Toxins are linked to many health concerns. One of the things I test for in my patients is the presence of toxins. When toxins like lead or cadmium are found we try to determine the root cause – where is it coming from? One of the first things we look at is the source of drinking water.
Using a good water filtration system is one way to lower lead exposure. But what happens when the lead is coming from the drinking glass, and not what’s inside? Well, that can happen when you drink from decorative glassware. Yup, the cute glassware from the trip to the amusement park, or the fun novelty glass with your kid’s favorite superhero painted on the side could be poisoning you and your family.
Researchers from the University of Plymouth analyzed drinking wear, by testing 72 new and used decorated tumblers, beer and wine glasses and jars. They tested them for lead and for an even more toxic metal, cadmium. First discovered in Germany in 1817, cadmium has been used as a pigment for years because of its ability to produce brilliant yellow, orange, and red colors. Results of the study revealed that lead was found in glasses that came in a variety of colors and gold-leaf designs. Cadmium concentrations were highest in glassware with red enamel. When ingested these metals are highly toxic, especially to children.
Cadmium is an endocrine disrupting chemical (EDC) linked to developmental disruptions with children. Harvard researchers reported that children who tested positive for high levels of cadmium are three times more likely to have learning disabilities. In India, researchers reported that early-life low-level cadmium exposure was associated with lower intelligence scores among children.
Dr. Bruce Lanphear, a pediatrician and epidemiologist at Simon Fraser University is a leading expert on lead toxicity in children. In a piece about lead toxicity in glassware, he told Scientific American that “the pattern we’re seeing here with cadmium is very consistent with what we see with other toxicants,” including lead and mercury.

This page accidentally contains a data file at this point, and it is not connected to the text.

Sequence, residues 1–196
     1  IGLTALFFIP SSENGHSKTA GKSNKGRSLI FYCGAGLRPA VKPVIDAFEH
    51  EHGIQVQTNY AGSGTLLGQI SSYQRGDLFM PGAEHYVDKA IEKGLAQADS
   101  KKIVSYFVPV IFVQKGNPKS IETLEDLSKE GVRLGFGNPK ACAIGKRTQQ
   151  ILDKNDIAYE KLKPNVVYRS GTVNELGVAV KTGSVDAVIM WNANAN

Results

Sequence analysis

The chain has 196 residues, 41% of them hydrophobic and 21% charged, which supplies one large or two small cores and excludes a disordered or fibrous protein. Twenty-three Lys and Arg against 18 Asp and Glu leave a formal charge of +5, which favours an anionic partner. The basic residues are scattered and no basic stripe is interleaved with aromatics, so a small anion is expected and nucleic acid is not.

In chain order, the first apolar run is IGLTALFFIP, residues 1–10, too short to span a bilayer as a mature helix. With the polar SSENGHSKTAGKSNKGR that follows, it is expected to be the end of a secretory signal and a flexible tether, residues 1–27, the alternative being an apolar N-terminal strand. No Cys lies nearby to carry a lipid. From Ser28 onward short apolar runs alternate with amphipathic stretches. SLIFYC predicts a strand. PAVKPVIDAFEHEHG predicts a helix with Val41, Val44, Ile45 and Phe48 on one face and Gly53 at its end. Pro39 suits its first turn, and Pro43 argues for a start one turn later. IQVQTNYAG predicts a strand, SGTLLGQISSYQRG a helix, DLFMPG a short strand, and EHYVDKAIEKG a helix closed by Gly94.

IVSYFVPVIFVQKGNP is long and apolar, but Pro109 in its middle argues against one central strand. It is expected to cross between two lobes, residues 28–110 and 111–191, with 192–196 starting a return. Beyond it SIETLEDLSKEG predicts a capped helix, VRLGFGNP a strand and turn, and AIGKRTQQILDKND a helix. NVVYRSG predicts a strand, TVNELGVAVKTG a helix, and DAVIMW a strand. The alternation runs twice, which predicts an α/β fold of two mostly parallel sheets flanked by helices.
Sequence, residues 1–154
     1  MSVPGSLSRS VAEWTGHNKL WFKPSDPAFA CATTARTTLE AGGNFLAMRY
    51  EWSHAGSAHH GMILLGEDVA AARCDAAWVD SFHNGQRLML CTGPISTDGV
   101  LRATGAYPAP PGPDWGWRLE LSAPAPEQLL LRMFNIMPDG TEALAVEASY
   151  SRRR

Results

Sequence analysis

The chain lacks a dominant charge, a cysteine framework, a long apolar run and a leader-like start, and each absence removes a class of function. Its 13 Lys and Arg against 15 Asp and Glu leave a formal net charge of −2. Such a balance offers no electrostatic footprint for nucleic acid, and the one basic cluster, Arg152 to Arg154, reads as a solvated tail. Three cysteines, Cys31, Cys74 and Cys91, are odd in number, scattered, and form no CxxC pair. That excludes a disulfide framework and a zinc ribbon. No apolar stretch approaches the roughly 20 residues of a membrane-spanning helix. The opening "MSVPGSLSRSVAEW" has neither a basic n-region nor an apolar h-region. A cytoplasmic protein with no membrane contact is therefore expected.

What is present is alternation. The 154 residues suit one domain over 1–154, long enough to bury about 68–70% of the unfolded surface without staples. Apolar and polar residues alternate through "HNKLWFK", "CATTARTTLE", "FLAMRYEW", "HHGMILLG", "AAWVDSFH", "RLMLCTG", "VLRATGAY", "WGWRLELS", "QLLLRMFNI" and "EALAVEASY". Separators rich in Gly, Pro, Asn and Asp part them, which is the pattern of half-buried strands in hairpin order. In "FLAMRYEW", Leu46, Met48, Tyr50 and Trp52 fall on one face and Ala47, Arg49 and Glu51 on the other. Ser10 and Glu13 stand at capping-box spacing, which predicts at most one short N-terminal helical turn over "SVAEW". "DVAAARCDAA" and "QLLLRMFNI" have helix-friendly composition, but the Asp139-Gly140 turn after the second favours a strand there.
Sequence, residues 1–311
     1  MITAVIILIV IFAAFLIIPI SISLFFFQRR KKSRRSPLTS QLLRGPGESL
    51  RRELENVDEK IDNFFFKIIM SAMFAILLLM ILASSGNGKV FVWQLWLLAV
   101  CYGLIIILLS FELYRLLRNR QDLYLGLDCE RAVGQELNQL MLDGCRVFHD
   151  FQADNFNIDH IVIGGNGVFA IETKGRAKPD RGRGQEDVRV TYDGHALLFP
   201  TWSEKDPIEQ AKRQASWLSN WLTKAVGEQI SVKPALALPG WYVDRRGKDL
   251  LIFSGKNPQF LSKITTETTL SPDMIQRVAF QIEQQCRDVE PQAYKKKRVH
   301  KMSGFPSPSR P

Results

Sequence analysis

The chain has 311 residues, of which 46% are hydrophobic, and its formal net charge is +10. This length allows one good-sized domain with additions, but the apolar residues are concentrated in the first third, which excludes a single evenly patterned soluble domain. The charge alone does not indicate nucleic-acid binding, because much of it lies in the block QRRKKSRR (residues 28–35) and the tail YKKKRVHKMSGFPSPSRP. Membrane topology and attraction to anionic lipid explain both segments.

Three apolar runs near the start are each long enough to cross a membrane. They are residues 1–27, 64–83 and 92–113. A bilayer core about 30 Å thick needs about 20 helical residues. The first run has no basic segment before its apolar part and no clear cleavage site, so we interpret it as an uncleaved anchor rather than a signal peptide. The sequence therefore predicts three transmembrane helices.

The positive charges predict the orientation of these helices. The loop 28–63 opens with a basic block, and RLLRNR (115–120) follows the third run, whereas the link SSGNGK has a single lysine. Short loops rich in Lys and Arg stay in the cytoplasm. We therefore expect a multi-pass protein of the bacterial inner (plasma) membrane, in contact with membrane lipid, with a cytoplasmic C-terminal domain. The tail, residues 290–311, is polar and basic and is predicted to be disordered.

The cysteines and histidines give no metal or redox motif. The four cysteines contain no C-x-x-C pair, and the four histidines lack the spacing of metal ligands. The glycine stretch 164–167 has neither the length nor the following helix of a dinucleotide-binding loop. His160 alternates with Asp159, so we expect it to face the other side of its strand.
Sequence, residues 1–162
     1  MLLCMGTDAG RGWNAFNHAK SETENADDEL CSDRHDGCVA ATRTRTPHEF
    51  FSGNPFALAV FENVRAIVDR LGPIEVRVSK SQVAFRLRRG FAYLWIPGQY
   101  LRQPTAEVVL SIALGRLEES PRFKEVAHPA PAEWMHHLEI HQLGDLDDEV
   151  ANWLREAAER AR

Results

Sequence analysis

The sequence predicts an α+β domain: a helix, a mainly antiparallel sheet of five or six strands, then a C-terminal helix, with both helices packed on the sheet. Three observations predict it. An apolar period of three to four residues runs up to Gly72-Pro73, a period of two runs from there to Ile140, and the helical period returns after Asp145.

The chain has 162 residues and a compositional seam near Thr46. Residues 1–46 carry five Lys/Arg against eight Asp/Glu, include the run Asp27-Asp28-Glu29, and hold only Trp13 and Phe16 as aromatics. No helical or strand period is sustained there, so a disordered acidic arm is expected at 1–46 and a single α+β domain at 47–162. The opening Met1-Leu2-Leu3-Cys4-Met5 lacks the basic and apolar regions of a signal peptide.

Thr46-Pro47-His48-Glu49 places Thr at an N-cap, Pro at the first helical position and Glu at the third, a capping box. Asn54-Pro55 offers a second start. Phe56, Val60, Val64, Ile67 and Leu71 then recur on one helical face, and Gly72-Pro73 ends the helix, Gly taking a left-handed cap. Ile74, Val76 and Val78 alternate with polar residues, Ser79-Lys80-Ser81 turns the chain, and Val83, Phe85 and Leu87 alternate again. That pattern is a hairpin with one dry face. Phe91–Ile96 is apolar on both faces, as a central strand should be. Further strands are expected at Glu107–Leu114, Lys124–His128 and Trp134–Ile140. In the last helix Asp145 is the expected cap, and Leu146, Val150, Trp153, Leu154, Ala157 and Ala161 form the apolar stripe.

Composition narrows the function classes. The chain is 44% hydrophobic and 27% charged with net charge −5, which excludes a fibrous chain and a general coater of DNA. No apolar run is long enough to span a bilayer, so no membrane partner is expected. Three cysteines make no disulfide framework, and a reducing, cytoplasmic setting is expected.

Lead functions a lot like cadmium. It’s also an EDC with fatal consequences when there’s chronic exposure. Among adults cadmium can trigger neurological problems. Lead in adults increases symptoms of high blood pressure, joint and muscle pain, headaches, mood disorders and many other ailments that can disrupt the quality of life.
Kids under 6 years old are especially susceptible to lead poisoning. Like cadmium it leads to developmental problems both mental and physical. Reconsider whether to use glassware made specifically for children with the cartoons, superheroes or movie characters painted on them. In 2010, the Associated Press commissioned a lab analysis of children’s drinking glasses that were made in China and sold at a Warner Brothers Studios store.
Tests results showed that children’s drinking glasses exceeded federal limits for lead in children’s products by up to 1,000 times. They found even higher doses for cadmium but there is not federal limit for it. Cadmium and lead are also found in children’s jewelry. This raises the question of what else is poisoning our kids, the painted items on the playground, not to mention the environmental impacts.
The University of Plymouth study also found that with long-term use, flakes of paint tend to come off of the glass and could be ingested by the drinker. Over time, that can create long-term exposure for the metals present. If the glass is used frequently, over several years, it’s the ideal condition for chronic exposure that even at low levels can pile up in the body. Studies show that chronic exposure of low levels may lead to kidney, bone and lung disease.
Lead in glass is more common than cadmium. If you’re concerned about lead in your dinnerware and glassware consider an at-home lead testing kit. The test is simple and it may save you and your family from daily toxic exposure. You can buy lead test kits for from online retailers. I recommend 3M Instant Lead Check Swabs.